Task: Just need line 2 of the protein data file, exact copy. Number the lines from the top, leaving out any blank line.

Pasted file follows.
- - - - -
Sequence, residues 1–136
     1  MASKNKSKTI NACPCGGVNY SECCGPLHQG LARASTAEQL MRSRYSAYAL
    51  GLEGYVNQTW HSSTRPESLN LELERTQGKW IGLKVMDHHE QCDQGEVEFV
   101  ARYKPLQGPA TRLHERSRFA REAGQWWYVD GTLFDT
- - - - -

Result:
     1  MASKNKSKTI NACPCGGVNY SECCGPLHQG LARASTAEQL MRSRYSAYAL